The abortion series began as a form of protest following the failure of a 1998 referendum that would decriminalize the procedure in Portugal. It was also informed by personal experience: as a teenager, Ms Rego had an abortion in the backyard so that she could continue her art studies in London instead of being forced to return to her parents in Portugal.
She said she wanted her work to reveal “the fear, pain and danger of illegal abortion that desperate women have always resorted to.”
When another abortion vote took place in Portugal in 2007, many of her photos were published in national newspapers, which helped shape the debate over access to the procedure. The referendum passed, legalizing abortion in the country, and former Portuguese President Jorge Sampaio went on to cite “the very brutal brutality of her photos” as “influencing the outcome”.
Maria Paula Figueiroa Rego was born in Lisbon on January 26, 1935. The following year, her parents moved to England to work for her father as an electrical engineer. Mrs. Rego was sent to her grandmother, who lived in the fishing town of Ericeira, and introduced the young girl to Portuguese folklore.
The stories became a kind of balm, a source of comfort in childhood, shaped by fear and isolation. “My mother tells me I was afraid of flies, but I remember being afraid of everything,” Ms. Rego told biographer John McEwan. “I was even afraid of other children. I just couldn’t stand being taken out. God, it was awful. It was just horror, horror. “
Art – “the pencil that scribbles on paper and does something” – also offers an escape. Ms. Rego was encouraged by a teacher at a British international school she attended near Lisbon and continued her graduating school in England before enrolling in 1952 at the Slade School of Fine Art, part of University College London.
It was there that she met the artist Victor Wheeling, a brilliant fellow student who became famous for his naked research. He was married at the time, but an affair began, and after his divorce they married in 1959, deepening a tumultuous relationship that included infidelity on both sides.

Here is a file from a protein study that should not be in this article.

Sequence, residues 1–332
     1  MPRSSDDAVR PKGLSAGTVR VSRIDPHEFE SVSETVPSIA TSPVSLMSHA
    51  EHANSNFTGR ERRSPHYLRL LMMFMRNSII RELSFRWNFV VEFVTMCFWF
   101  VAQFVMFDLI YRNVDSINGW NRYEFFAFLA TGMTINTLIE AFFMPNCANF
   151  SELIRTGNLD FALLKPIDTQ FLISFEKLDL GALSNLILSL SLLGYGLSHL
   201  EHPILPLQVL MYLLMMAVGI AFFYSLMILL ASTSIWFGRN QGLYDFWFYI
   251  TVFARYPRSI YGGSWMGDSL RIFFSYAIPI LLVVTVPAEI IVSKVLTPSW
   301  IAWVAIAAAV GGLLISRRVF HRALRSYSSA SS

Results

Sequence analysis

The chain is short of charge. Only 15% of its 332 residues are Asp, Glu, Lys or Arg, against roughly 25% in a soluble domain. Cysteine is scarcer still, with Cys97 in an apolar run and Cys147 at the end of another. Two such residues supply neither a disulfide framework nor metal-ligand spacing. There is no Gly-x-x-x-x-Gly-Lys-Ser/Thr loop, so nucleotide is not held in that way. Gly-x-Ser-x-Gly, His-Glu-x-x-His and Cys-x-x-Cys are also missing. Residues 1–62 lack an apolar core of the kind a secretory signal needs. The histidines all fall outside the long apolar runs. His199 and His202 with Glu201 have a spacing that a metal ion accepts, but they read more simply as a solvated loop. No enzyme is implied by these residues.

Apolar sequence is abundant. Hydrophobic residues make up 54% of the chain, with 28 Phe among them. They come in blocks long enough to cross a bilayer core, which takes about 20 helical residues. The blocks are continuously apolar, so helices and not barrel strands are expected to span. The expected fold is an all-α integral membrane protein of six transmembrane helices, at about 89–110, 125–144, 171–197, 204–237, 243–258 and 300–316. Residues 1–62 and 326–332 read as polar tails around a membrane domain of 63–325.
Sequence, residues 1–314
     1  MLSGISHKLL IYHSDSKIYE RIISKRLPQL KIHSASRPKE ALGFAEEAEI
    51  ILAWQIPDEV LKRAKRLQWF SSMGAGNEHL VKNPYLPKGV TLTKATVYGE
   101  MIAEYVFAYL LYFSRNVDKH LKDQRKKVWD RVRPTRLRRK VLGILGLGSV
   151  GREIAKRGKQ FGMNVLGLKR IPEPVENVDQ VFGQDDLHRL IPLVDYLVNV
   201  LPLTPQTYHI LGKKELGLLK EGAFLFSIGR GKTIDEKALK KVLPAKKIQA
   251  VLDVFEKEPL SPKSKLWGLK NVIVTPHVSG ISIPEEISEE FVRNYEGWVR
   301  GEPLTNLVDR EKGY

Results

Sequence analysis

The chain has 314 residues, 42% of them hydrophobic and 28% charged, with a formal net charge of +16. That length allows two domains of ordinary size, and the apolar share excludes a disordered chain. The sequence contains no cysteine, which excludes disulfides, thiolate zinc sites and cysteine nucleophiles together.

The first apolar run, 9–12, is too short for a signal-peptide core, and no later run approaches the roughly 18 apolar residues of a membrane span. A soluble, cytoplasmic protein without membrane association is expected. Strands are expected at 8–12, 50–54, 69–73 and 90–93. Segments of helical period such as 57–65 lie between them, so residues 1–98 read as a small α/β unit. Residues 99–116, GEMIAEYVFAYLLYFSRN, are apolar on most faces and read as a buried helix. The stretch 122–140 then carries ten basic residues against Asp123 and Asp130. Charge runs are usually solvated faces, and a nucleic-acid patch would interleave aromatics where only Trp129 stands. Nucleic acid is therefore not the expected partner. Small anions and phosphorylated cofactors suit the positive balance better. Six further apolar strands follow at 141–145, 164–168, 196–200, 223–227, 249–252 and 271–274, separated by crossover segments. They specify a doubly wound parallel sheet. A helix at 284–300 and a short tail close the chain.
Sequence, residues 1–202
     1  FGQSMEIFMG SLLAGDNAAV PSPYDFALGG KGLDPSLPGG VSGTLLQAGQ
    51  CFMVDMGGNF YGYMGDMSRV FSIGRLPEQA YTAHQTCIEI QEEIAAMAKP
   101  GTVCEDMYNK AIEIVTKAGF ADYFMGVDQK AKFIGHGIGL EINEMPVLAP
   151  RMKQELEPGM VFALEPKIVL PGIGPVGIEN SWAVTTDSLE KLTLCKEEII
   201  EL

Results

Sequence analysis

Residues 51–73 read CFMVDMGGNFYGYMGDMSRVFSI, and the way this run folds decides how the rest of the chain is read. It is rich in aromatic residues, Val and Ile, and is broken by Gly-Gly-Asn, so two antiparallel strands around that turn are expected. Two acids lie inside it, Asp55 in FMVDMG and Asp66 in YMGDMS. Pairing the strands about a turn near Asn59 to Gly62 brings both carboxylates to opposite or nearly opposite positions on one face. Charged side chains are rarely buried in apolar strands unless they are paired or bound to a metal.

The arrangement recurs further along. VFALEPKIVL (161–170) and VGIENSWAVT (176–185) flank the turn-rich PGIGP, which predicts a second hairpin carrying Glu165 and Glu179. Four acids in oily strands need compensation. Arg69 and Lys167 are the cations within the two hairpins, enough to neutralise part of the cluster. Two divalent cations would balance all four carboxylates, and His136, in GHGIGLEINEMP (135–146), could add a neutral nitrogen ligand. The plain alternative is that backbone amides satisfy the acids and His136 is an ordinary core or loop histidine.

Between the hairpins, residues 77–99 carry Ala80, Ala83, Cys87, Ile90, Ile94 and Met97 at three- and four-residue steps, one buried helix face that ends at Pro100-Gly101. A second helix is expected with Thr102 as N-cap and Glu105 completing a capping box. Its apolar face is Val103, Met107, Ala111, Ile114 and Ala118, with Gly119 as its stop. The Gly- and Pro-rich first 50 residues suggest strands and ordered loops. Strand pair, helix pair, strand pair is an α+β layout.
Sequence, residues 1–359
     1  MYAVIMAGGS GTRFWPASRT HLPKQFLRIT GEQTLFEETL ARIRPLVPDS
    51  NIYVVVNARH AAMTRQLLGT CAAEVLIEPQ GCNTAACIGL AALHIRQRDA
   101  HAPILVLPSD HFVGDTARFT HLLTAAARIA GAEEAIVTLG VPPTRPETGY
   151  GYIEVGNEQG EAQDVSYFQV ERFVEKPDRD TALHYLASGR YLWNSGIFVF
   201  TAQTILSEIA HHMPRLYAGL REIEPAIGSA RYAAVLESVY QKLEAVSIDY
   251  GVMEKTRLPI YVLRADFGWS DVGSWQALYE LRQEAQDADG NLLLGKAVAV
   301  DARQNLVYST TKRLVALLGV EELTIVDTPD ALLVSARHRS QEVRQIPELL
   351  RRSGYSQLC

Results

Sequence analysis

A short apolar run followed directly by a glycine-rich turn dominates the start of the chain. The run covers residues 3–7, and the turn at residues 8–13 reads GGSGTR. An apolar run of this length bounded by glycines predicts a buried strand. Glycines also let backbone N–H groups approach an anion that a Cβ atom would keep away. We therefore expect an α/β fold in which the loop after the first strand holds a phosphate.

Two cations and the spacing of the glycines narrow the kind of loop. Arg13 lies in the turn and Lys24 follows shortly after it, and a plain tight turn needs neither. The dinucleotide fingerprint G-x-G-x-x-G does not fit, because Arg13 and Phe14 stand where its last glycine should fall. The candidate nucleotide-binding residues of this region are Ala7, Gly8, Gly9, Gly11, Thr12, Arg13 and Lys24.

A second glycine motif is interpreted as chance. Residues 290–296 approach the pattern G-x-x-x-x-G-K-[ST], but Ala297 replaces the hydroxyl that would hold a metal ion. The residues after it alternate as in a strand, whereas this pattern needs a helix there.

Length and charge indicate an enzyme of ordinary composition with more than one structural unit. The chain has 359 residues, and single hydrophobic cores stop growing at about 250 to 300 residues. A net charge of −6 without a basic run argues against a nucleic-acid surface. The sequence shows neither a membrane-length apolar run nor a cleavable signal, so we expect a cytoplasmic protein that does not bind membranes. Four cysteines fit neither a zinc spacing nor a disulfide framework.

At the time, women were there to be partners and supporters of their artist husbands. I was not one of them, “she told the BBC last year. “I wanted to be in the big boys’ club, with the great artists I admired. Just like I wanted to be Robin Hood, not Marianne’s maid.
Ms Rego and her husband split their time between Britain and Portugal before settling permanently in London in the mid-1970s. Over the next decade, she and her work began to gain a wide audience in the UK, where AIR Gallery hosted its first major solo exhibition in London and was named an associate artist at the National Gallery, adding some of her work to her permanent collection.
Much of this time was spent caring for her husband, who has multiple sclerosis and died in 1988. That same year, Ms. Rego painted The Family, a tender, albeit somewhat disturbing, picture of a woman and her daughters they take care of her frail husband by helping him with his clothes while sitting motionless in bed.
In addition to her son Nick, the survivors include two daughters, Cass and Victoria Wheeling, as well as a number of grandchildren and great-grandchildren.
Ms. Rego has remained productive in recent years and often describes art as a form of therapy, a way to “give a face to fear”, as she put it in an interview with the Telegraph in 2016. She has had mixed success (it’s ridiculous to be so old and so scary ”), but said he still calms down by turning to stories, whether in the form of childhood memories or folk tales and legends.
“I choose history,” she added, “so I can use it to paint my own life.”